"Does your bra really go up that high?" the TSA officer asked, running her hands along my chest. My boyfriend, Adam, and I were headed for a romantic getaway, and being held at airport security wasn't on our itinerary. "I have a pacemaker. That's a scar, not my bra," I said. "You're too young for that," she said.
While I'm not the only 26-year-old with a pacemaker, I'm the only one most security officers have seen. Of the pacemakers installed yearly, 84% are for people older than age 65. Only 6%...
Yes, as long as you stick to what your doctor says you can do. "Don't fear exercise, as it's one of the best things you can do for your heart," says cardiologist James Beckerman, MD.
You want to make sure you do it wisely and don't tax your heart beyond its limits. So talk to your doctor before you start an exercise program, and ask if there are specific things you should avoid.
What type of exercise should I do?
Once you get the OK from your doctor, focus on things like walking, bicycling, or swimming, which will help your heart become stronger and more efficient, says cardiologist Merle Myerson, MD.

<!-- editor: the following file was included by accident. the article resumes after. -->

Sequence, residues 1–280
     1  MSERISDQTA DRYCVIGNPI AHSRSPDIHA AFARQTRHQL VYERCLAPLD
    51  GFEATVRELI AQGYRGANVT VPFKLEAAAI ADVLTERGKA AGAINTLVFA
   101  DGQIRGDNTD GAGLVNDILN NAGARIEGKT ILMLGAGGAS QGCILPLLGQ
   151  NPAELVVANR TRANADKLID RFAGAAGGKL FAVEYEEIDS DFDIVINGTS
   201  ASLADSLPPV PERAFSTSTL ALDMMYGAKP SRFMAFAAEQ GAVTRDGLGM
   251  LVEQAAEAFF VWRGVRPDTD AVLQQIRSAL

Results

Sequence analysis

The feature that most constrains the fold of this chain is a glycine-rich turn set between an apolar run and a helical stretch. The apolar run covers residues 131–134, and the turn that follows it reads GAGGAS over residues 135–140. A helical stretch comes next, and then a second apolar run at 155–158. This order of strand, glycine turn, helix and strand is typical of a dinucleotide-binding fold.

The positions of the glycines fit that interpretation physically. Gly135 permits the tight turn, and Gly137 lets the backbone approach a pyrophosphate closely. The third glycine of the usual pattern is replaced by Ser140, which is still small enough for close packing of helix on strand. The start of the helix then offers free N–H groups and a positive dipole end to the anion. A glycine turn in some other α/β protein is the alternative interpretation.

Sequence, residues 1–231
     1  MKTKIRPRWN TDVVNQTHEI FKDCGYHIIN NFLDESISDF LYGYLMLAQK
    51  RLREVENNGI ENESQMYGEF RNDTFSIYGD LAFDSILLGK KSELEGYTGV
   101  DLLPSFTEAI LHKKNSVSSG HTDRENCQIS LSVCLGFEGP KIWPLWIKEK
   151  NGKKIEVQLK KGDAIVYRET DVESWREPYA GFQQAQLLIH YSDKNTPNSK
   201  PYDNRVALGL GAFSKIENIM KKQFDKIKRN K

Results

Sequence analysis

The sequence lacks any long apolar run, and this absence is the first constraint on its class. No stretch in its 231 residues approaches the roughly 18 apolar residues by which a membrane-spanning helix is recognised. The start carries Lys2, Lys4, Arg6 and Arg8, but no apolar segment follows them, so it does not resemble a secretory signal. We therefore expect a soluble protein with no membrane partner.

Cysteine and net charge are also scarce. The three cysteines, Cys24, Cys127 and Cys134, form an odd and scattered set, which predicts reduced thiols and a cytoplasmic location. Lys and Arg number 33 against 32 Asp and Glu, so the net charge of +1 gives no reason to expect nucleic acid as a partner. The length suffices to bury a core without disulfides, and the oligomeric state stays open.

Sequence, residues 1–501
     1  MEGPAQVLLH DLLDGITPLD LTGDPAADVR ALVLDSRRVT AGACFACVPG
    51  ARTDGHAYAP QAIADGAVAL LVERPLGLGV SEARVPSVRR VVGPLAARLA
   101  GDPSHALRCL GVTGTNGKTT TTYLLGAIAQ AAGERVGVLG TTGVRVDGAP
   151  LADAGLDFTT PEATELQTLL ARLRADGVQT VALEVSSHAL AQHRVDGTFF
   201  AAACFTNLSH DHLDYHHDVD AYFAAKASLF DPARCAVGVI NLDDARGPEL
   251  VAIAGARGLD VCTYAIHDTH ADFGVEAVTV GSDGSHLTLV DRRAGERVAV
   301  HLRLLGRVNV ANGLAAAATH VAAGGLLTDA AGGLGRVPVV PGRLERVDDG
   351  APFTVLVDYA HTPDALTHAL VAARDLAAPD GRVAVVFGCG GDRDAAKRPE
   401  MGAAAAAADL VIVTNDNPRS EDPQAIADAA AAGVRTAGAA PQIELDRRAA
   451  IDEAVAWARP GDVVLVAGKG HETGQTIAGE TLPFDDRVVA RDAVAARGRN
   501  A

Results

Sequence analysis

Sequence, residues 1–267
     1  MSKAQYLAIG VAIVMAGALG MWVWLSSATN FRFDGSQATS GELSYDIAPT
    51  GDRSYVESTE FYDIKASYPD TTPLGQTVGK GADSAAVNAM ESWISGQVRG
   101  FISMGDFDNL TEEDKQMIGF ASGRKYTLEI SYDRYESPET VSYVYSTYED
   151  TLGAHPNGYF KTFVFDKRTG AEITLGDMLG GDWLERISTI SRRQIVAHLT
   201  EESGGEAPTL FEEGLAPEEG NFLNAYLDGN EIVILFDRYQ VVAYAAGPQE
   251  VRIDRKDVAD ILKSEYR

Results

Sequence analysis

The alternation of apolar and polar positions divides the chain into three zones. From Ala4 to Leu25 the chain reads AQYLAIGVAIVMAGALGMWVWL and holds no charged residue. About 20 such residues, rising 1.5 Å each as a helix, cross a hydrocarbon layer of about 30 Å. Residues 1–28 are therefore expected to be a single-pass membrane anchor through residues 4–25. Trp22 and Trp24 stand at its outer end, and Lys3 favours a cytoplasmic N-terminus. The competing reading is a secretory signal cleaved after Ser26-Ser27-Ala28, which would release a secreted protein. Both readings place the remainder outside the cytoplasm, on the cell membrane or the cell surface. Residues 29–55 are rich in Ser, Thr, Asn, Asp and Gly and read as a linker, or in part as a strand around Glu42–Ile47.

How much and how often should I exercise?
The American Heart Association recommends getting 150 minutes of moderate exercise or 75 minutes of harder exercise (or a combination of the two) each week.
Start slowly. Do just a few minutes at a time, and gradually work up to at least 30 minutes of moderate-intensity activity every day for 5 or more days a week. "Moderate" means you're not gasping for breath while you exercise, but you're not able to talk in full sentences either.
Or set a daily goal to log at least 22 minutes of physical activity. "You'll get the biggest bang for your buck in that time frame," says cardiologist Bradley Bale, MD.
Better yet, you don't have to exercise all at once. If you want to split your 22-minute daily minimum into two 11-minute brisk walks or even three or four, do what fits best into your schedule.
What counts as exercise?
Something structured, like brisk walking, Zumba, or swimming, is best, because it gives you a chance to work a little harder and improve your fitness a little more each day. But it helps to move your body in other ways, too.
"Any physical activity is better than none. So squeeze more movement into your day whenever you can," Myerson says. For instance, change "sitting" meetings into "walking" ones. Or spend more time gardening.